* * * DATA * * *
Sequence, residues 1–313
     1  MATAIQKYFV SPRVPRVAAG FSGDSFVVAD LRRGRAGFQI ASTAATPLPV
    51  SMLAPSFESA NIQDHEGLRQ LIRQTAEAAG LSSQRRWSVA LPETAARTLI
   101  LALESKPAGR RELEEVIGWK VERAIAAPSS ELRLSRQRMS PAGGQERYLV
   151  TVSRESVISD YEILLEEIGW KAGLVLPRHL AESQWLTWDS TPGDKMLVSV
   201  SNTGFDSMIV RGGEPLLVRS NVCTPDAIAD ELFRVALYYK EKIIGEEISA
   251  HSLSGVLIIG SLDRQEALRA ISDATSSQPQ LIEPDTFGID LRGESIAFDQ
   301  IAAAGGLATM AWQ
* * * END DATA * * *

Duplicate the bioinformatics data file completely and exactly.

Sequence, residues 1–313
     1  MATAIQKYFV SPRVPRVAAG FSGDSFVVAD LRRGRAGFQI ASTAATPLPV
    51  SMLAPSFESA NIQDHEGLRQ LIRQTAEAAG LSSQRRWSVA LPETAARTLI
   101  LALESKPAGR RELEEVIGWK VERAIAAPSS ELRLSRQRMS PAGGQERYLV
   151  TVSRESVISD YEILLEEIGW KAGLVLPRHL AESQWLTWDS TPGDKMLVSV
   201  SNTGFDSMIV RGGEPLLVRS NVCTPDAIAD ELFRVALYYK EKIIGEEISA
   251  HSLSGVLIIG SLDRQEALRA ISDATSSQPQ LIEPDTFGID LRGESIAFDQ
   301  IAAAGGLATM AWQ